The cider category is alive and kicking

Innovation continues in the cider category, and includes opportunities such as food matching as well as the introduction of new products.
Innovation continues in the cider category, and includes opportunities such as food matching as well as the introduction of new products.

There is plenty room for growth through new and existing products

For years now cider has been one of the best-performing drinks categories in the UK on-trade.

From the over-ice serve to fruit flavours and long-established British names to imported Scandinavian brands, the cider
field has a dynamism not many drinks categories can claim.

And yet according to research firm Mintel the category’s meteoric rise may have slowed during 2014, with volume sales expected to have dipped and the value of the category growing by only around 1%.

With cider having ridden high for so many years, the question must be asked: has the category finally peaked?

Producers certainly don’t seem to think so.

Glen Friel, sales and marketing director at Aston Manor Cider, said there is good news on both the packaged and draught side of cider.

“Draught cider continues to increase volume sales in the on-trade – a better performance than stout, ale and lager – and has delivered a three per cent increase in rate of sale growth,” said Friel.

“Packaged cider is the only format of beer or cider that is increasing distribution as retailers extend their ranges to satisfy consumer demand.”

And Martin Thatcher of Thatchers Cider said he expects pub customers to seek out ciders with provenance and quality.

“We expect growth to continue to come from apple ciders that offer authentic premium craft qualities, both on draught, and in the fridge – responding to this demand is where operators can really find a point of difference for their customers,” he said.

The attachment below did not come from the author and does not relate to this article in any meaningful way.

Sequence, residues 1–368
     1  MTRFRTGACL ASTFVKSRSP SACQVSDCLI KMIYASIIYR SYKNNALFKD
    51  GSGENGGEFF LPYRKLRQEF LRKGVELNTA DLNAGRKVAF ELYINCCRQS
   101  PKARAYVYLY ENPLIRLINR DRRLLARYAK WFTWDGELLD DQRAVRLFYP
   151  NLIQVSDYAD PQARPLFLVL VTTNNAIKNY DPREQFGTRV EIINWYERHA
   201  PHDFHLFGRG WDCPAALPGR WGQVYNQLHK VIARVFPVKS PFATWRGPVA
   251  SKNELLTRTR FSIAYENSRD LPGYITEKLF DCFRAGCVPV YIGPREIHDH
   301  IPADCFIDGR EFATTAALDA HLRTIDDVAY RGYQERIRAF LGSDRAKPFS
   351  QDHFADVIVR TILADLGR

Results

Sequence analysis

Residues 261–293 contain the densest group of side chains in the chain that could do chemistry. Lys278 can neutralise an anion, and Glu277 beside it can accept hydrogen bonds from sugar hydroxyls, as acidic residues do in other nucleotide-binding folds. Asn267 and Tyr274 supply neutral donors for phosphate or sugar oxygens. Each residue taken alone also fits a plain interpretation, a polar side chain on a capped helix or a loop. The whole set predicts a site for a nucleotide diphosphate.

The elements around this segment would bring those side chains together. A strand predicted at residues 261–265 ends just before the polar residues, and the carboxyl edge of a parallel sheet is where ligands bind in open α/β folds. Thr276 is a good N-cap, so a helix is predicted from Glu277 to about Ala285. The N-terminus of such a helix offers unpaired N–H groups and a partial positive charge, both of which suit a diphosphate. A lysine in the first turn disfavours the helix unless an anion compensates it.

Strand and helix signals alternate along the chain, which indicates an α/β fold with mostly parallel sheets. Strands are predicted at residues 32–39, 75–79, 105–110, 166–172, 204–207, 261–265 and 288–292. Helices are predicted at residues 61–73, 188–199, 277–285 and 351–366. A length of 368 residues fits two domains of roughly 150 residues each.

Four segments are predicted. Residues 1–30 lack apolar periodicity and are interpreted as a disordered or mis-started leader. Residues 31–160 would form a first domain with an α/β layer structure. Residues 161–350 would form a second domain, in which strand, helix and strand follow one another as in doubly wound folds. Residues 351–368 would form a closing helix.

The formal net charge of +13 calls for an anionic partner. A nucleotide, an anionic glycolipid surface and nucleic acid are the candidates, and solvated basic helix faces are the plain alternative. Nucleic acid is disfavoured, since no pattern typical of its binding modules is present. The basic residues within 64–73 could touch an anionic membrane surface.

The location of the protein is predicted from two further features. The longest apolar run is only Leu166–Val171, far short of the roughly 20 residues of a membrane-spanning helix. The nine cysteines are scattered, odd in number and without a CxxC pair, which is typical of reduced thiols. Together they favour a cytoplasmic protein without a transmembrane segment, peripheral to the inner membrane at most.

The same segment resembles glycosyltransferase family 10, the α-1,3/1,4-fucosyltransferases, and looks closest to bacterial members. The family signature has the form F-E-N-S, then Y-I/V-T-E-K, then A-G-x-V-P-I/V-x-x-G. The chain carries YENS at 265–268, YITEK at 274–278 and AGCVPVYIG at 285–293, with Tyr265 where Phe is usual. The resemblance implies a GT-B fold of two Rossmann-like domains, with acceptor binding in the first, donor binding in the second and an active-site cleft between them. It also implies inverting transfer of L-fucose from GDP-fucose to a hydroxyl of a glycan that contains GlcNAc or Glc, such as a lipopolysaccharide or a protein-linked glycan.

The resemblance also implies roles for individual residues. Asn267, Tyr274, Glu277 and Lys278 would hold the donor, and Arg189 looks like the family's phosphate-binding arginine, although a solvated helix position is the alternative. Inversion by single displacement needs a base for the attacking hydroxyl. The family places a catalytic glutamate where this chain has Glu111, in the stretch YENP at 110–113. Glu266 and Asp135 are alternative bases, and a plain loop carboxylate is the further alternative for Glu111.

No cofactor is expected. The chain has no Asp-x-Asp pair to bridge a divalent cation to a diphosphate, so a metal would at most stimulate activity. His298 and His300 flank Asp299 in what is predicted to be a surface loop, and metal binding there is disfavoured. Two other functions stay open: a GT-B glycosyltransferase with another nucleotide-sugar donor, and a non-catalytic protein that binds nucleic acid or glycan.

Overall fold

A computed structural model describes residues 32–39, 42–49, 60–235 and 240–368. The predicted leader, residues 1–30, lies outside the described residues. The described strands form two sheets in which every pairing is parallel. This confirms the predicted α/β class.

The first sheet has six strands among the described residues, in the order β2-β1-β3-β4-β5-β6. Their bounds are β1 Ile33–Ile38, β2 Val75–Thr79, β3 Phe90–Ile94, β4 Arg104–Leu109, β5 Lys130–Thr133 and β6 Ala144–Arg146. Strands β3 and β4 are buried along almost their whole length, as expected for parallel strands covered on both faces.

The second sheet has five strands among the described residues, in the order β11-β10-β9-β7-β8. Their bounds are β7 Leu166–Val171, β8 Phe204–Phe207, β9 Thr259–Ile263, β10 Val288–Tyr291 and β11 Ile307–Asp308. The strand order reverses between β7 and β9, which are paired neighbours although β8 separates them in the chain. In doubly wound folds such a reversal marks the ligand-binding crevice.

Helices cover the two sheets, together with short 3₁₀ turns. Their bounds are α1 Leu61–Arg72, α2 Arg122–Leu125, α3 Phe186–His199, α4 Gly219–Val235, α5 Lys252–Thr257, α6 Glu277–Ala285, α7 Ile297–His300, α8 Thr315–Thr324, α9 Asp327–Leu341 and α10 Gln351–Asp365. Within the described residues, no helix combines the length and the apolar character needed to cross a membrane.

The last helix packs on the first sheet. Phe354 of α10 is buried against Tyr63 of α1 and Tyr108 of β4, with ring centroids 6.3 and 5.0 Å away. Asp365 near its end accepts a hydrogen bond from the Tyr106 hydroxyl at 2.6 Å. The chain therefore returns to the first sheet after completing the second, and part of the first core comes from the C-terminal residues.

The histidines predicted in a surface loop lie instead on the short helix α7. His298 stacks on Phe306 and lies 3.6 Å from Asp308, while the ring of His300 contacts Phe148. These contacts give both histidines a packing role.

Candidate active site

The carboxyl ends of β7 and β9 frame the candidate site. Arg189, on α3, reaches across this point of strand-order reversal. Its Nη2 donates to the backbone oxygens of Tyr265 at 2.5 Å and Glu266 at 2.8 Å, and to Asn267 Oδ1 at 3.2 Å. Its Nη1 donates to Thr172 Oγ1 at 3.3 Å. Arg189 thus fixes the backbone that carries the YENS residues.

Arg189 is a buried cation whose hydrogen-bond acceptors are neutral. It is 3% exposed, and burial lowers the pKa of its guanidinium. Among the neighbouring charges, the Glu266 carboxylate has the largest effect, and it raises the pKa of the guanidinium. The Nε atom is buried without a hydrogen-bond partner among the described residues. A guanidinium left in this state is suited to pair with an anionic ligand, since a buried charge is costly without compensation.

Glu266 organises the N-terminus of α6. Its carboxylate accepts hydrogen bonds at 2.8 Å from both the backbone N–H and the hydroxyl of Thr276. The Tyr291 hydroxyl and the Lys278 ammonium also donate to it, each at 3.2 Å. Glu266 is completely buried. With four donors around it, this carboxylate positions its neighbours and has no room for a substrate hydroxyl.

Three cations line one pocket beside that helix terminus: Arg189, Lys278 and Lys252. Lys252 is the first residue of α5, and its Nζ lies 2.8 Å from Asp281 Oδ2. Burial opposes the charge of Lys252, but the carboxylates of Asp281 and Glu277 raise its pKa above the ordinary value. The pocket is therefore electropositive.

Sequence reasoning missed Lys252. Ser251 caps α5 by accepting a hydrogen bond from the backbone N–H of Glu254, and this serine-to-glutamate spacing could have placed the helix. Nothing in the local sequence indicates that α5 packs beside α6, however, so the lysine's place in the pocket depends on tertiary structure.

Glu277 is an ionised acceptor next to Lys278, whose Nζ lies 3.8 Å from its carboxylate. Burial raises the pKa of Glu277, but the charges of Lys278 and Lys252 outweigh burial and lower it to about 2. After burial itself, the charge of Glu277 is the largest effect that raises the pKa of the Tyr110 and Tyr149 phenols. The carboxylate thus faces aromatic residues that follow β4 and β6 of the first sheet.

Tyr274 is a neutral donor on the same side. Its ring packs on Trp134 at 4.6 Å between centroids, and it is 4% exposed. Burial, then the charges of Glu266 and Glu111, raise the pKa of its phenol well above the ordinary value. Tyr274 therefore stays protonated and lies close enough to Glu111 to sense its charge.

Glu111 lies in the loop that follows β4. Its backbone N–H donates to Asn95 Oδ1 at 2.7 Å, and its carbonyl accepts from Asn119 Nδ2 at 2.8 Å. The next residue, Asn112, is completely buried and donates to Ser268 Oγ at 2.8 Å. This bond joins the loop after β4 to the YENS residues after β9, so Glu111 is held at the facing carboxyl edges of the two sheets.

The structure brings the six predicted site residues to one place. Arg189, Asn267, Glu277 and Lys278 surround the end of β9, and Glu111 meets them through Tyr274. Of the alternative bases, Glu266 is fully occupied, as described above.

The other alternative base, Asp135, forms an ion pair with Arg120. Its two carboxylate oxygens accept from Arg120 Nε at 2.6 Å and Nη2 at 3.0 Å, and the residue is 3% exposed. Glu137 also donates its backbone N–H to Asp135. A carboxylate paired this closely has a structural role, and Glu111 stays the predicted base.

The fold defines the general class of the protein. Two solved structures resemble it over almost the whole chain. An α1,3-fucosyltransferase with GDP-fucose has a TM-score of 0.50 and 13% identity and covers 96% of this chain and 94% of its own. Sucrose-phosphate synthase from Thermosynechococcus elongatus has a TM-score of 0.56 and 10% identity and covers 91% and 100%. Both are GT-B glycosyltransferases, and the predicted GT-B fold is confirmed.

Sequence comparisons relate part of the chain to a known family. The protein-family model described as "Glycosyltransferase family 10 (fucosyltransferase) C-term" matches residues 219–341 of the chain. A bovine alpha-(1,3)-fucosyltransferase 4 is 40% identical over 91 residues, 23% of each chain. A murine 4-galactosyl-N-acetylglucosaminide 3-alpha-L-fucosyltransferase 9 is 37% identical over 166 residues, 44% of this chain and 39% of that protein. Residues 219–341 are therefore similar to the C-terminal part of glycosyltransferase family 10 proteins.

“By getting the range right, complementing the outlet, performance will follow.

“It’s the outlets where there is a choice of different styles of ciders, where publicans understand the profits that a genuine choice can bring, that are winning.”

Sausages in red onion with a bottle of Merrydown cider
Sausages in red onion with a bottle of Merrydown cider

In Mintel’s recent report the company cited the booming craft beer category as one of the factors having an impact on cider sales.

Graham Archibald, sales director at drinks importer Morgenrot, acknowledged that the popularity of craft beer has had an effect on cider, but stressed that this has been a positive development.

He said the craft trend has “helped switch the focus with many cider drinkers also now searching out smaller, more niche producers from the UK and around the world which showcase artisan techniques and drive innovation”.

“The craft beer movement has generated so much interest in different styles, tastes and production methods that it was only natural for the excitement to spread to the cider sector,” said Archibald.

This was supported by Gerald Michaluk of Arran Brewery, producer of Scottish Highland Gold cider.

Michaluk said that he expects that in the cider category, “like in craft beer, drinkers will become more discerning over time”.

“Craft cider and craft beer have a lot of cross-over and young drinkers are interested in both,” he added.

The cross-over between the two categories was also highlighted by Ben Turner, customer marketing manager at Kopparberg.

KP group lifestyle shot[5]

“Both categories attract consumers who like to discover new things, but the penetration of fruit cider continues the upward trend so there are no indications that it is losing consumers, with over 16 million UK adults now drinking it,” said Turner.

And innovation in the cider category continues at a rate of knots.

“The cider category is currently the same size as the wine category was 20 years ago, meaning that there’s unlimited room for innovation and creative thinking,” said Hugo Mills, director of sales and operations for Molson Coors.

As well as a stream of new craft and fruit ciders, the category is diversifying into areas such as the ‘spider’ (spirit-flavoured cider).

“Young adult consumers have a thirst for experimentation with their drinks so in order to appeal to this desire for constant innovations and pioneering developments cider producers invest heavily in [new products],” said Ed Shoebridge, head of customer marketing at C&C Group.

“Through continued investment in NPD we believe that cider drinkers, both old and new, will continue to enjoy cider in the on-trade.”

Innovation in cider isn’t limited to the drinks firms, either.

Food matching has been highlighted as a strategy operators can use to help grow sales of cider in their outlets.

Debs Carter, marketing director for alcohol at SHS – the firm behind the Merrydown and Orwell’s cider brands – said the company sees “cider and food pairing as a major growth opportunity for food-led pub and bar operators”.

“There’s a great deal of consumer interest around food-matching drinks – not only wine, but also beer, adult soft drinks and cider,” said Carter.